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PHOTOS: Prouder than ever at 2012 Gay Pride March

Festivities come one year after New York State legalizes gay marriage, and two months after President Barack Obama says he supports gay marriage, too.

On the one-year anniversary of the month gay marriage became a reality in New York State, the NYC Pride parade was louder — and prouder — than ever this afternoon.

Rainbow flags flooded the streets and flamboyant drag queens paraded in wigs and sparkly dresses to kick off the 43rd annual LGBT Pride March, which 1.5 million people were expected to attend.

Grand Marshals of the event included Grammy-award winning artist Cyndi Lauper, who performed last night on Pier 54, and Chris Sagardo, the openly gay president of Kiehl's, the beauty and skincare line. Phyllis Siegel and Connie Kopelov, the first same-sex couple to get married in the city following the passage of New York’s gay marriage law, also served as grand marshals for the event.

The past 12 months have seen some watershed moments in gay rights: In June 2011, the New York state Legislature voted to allow gay marriage in the state. One month later, in July, President Barack Obama announced the official repeal of "don't ask, don't tell" in the military.

And in May, Obama said he thinks gay couples should be able to marry.

The mood on the streets was indeed more festive this year, several paradegoers told Metro.

Darren Nimnicht, a 60-year-old Manhattanite, said he also noticed more stands in Pride Fest that catered to families and family issues, perhaps a nod to the burgeoning number of gay and lesbians raising children.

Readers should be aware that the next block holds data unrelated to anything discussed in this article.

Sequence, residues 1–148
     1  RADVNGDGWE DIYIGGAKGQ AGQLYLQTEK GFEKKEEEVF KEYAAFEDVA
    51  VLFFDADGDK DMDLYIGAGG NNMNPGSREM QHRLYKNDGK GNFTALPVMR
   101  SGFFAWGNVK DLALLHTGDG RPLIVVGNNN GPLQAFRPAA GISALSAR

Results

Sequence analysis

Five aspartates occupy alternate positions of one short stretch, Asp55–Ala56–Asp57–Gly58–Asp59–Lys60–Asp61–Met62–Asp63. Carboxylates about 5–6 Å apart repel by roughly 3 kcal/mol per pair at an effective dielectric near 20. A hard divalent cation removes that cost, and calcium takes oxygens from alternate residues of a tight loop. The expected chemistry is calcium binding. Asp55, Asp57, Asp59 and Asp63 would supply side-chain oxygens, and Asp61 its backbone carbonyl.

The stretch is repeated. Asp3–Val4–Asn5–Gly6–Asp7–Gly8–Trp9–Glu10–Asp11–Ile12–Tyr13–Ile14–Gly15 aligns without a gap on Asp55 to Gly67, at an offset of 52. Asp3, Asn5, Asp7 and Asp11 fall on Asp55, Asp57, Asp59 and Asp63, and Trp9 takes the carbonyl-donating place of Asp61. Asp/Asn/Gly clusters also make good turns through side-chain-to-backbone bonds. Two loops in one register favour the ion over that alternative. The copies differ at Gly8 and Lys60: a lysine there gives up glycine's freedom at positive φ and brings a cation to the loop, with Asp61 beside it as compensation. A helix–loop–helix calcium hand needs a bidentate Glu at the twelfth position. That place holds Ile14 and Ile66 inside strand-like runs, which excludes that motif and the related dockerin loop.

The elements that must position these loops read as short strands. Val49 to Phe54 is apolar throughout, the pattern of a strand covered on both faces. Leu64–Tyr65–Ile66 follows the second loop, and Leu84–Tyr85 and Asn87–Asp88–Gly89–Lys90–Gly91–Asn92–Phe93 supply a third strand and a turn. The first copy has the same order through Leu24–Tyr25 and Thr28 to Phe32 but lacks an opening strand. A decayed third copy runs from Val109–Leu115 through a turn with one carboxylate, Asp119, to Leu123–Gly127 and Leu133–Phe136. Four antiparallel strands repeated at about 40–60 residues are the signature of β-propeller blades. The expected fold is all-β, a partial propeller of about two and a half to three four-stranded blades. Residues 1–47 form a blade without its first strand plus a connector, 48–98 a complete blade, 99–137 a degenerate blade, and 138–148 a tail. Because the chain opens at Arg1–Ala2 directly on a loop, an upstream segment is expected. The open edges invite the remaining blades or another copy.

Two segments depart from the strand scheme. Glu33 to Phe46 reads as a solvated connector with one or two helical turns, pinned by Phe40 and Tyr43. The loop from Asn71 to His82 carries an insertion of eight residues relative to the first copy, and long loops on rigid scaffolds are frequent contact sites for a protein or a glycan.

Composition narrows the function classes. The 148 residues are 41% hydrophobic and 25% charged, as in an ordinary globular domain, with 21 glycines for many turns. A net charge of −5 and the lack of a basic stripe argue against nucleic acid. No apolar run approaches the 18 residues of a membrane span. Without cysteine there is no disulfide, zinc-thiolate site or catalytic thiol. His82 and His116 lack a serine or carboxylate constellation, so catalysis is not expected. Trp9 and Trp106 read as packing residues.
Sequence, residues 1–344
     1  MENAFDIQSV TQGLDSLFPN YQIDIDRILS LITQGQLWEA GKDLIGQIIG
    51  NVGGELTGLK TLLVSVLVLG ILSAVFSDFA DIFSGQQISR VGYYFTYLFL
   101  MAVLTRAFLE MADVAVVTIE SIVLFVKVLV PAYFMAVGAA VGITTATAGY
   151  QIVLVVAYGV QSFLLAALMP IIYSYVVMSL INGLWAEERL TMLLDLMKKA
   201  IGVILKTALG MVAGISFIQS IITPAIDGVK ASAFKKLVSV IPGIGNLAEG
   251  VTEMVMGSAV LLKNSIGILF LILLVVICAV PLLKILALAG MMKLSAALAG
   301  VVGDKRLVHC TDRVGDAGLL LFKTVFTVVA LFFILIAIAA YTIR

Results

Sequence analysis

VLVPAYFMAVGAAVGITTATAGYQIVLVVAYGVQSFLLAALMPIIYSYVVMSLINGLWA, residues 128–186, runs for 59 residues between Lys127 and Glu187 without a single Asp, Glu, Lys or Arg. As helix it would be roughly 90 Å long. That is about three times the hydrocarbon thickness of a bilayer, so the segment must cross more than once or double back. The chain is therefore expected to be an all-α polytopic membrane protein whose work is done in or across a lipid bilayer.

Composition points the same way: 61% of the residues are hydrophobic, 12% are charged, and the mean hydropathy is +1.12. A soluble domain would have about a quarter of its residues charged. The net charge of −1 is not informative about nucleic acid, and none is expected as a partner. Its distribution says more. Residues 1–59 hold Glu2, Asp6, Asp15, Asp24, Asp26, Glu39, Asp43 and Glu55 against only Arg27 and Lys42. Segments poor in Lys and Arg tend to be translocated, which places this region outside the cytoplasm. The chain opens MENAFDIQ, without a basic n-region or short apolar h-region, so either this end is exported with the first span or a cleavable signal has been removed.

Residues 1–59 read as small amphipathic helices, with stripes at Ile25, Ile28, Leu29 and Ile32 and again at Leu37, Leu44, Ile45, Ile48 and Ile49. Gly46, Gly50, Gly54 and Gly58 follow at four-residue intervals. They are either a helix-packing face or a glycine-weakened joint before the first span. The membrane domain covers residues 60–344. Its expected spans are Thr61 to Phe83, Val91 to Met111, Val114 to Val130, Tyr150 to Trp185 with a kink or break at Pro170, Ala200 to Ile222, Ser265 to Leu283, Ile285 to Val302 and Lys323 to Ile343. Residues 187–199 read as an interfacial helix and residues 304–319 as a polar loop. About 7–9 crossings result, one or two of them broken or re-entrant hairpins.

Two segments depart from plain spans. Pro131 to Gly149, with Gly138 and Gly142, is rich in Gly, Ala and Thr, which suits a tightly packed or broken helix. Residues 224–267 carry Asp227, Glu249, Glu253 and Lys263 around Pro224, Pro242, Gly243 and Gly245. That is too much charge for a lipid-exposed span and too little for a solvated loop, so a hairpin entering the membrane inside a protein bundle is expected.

“You see more stands for health related things like child care,” Nimnicht said. “You also see more stands about adoption. So, I’d say each year Pride becomes more and more inclusive.”

Tom Cicero, Nimnicht’s partner of 37 years, said that New York’s gay marriage law affected not only the city but even places like upstate Hudson, New York.

“A couple years ago, there were four cars that lined the street for Pride in Hudson,” he said. “This year, cars lined the whole length of Warren Street. It’s a celebration because the law had a big effect on people who are being very positive.”

Detractors few and far between



Despite some attempts, nobody could put a damper on New York's gay community today, not even a man standing alone near West 12st Street, holding a sign that read, “Today, man marries man. Tomorrow, man marries giraffe.”

Several paradegoers got down on their floats to take pictures flipping him off or to cheer in his face.

“So be it,” Holly Trantham, a 20-year-old Manhattanite said. “If man marries a monkey tomorrow ... at least he’ll be happy.”





Miles Dixon/Kevin C. Downs/Metro

 
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